NEW YORK (1010 WINS) — For Elizabeth Meaders, it all started with Jackie Robinson some 60 years ago.
At the time, Meaders was a young New York City teacher inspired by the baseball great and Civil Rights leader and started a quest to somehow tell a more complete history of the African American experience as an educator.
Now 90 years old, Meaders has not only collected a substantial number of African Americans in sports artifacts, but memorabilia across several categories including entertainment, politics, education and the military.
On March 15, Meaders collection, which is now more than 20,000 artifacts strong, will go up for auction in an unprecedented sale.
“It's really time. It has to be received so that it can be developed while I can still even play a role in explaining the whole concept of this collection, which is unusual,” Meades said. “The basic concept is challenging and it calls for some involvement on my part. So while I'm still able to play some kind of a role, it's really overdue.”
Meaders thought of other options for her extensive collection, including turning her house into a museum, but an auction felt like the best choice.
What started years ago as a small collection for Meaders quickly turned into a passion, and labor of love, where she spent hours attending auctions, visiting antique shops and parsing through catalogs.
“I was almost obsessed with the topic,” Meaders said. “This was like a 25 hour, eight day a week project for me because it's something that I love”
Meaders’ Staten Island home is really made up of 14 individual “museums,” she explained, with each one having its own theme and story from politics during the days of slavery to influential Black women.
“I have the entirety of the African American experience, and that is how and why my collection is so different and unique, and so vitally needed,” Meaders said.
Facilitated by the auction house Guernseys, Meaders is putting her collection up as one piece, rather than 20,000 individual ones. For Meaders, parting with the items for a greater good is like separating from a beloved kin.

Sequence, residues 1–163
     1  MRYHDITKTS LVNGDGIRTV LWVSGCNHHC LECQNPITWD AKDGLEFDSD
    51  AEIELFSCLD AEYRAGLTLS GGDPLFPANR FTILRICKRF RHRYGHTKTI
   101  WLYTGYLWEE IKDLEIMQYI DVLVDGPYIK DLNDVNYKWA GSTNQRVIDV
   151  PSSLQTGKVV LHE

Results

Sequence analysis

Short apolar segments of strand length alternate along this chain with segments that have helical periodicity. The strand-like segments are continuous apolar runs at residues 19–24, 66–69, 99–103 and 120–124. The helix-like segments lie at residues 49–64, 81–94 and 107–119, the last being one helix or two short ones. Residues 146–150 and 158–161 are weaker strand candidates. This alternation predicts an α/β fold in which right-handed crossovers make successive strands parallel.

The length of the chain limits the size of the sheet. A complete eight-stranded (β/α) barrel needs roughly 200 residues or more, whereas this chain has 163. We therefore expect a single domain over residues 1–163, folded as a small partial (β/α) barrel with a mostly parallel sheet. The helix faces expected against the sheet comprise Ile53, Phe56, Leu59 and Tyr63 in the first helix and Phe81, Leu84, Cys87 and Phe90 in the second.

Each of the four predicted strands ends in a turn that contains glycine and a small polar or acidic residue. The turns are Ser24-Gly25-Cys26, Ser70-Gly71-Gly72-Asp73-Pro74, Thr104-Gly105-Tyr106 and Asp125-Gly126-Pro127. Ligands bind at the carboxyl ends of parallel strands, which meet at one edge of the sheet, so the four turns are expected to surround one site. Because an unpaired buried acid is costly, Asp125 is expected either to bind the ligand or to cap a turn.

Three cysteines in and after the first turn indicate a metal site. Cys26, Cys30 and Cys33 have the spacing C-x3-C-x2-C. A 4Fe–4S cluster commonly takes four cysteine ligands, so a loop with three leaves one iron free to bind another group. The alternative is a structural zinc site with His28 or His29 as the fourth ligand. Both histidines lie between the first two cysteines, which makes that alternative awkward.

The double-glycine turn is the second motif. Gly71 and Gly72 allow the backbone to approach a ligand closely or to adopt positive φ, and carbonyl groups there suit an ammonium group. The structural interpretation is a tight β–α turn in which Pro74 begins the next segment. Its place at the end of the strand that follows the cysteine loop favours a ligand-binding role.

“I want to keep them together and it breaks my heart that I can stay with them forever because some of the pieces have such an emotional, poignant quality that they will leave me with tears,” Meaders said. “They'll be wrapped in tears because I fully know the dimensions of what they mean. It will almost break my heart to see them go, but I owe them that respect.”
It’s hard to put an exact monetary value to Meaders’ collection and at 90 years old, Meaders isn’t apt to use her profit on fancy cars or yachts. Instead, Meaders plans to disperse the money amongst charities near and dear to her heart, including a large donation to the NAACP.
“I'm going to be the same sane, sensible person I've been all my life. I truly believe in gratitude and charity. So the money will be sensibly spent,” Meaders explained.
With historical figures from Harriet Tubman to Barack Obama, others in the field have noted Meaders’ groundbreaking work in preserving the Black American experience.
“There is no collection either institutional or privately owned that represents the totality of the Black experience in America as comprehensively as the Elizabeth Meaders Collection,” said Randy Weinstein, Director of the W.E.B Dubois Center.
What drove Meaders for six decades to continue her tireless work curating the collection has been a simple goal of making sure Americans understand and recognize the whole picture of the country.
“The whole purpose of my collection is to teach and heal,” Meadres said. “To bridge the knowledge gap about African American history caused by the egregious reality that the American school system has failed to include African American history and African American contributions in its teaching curriculums nationwide.”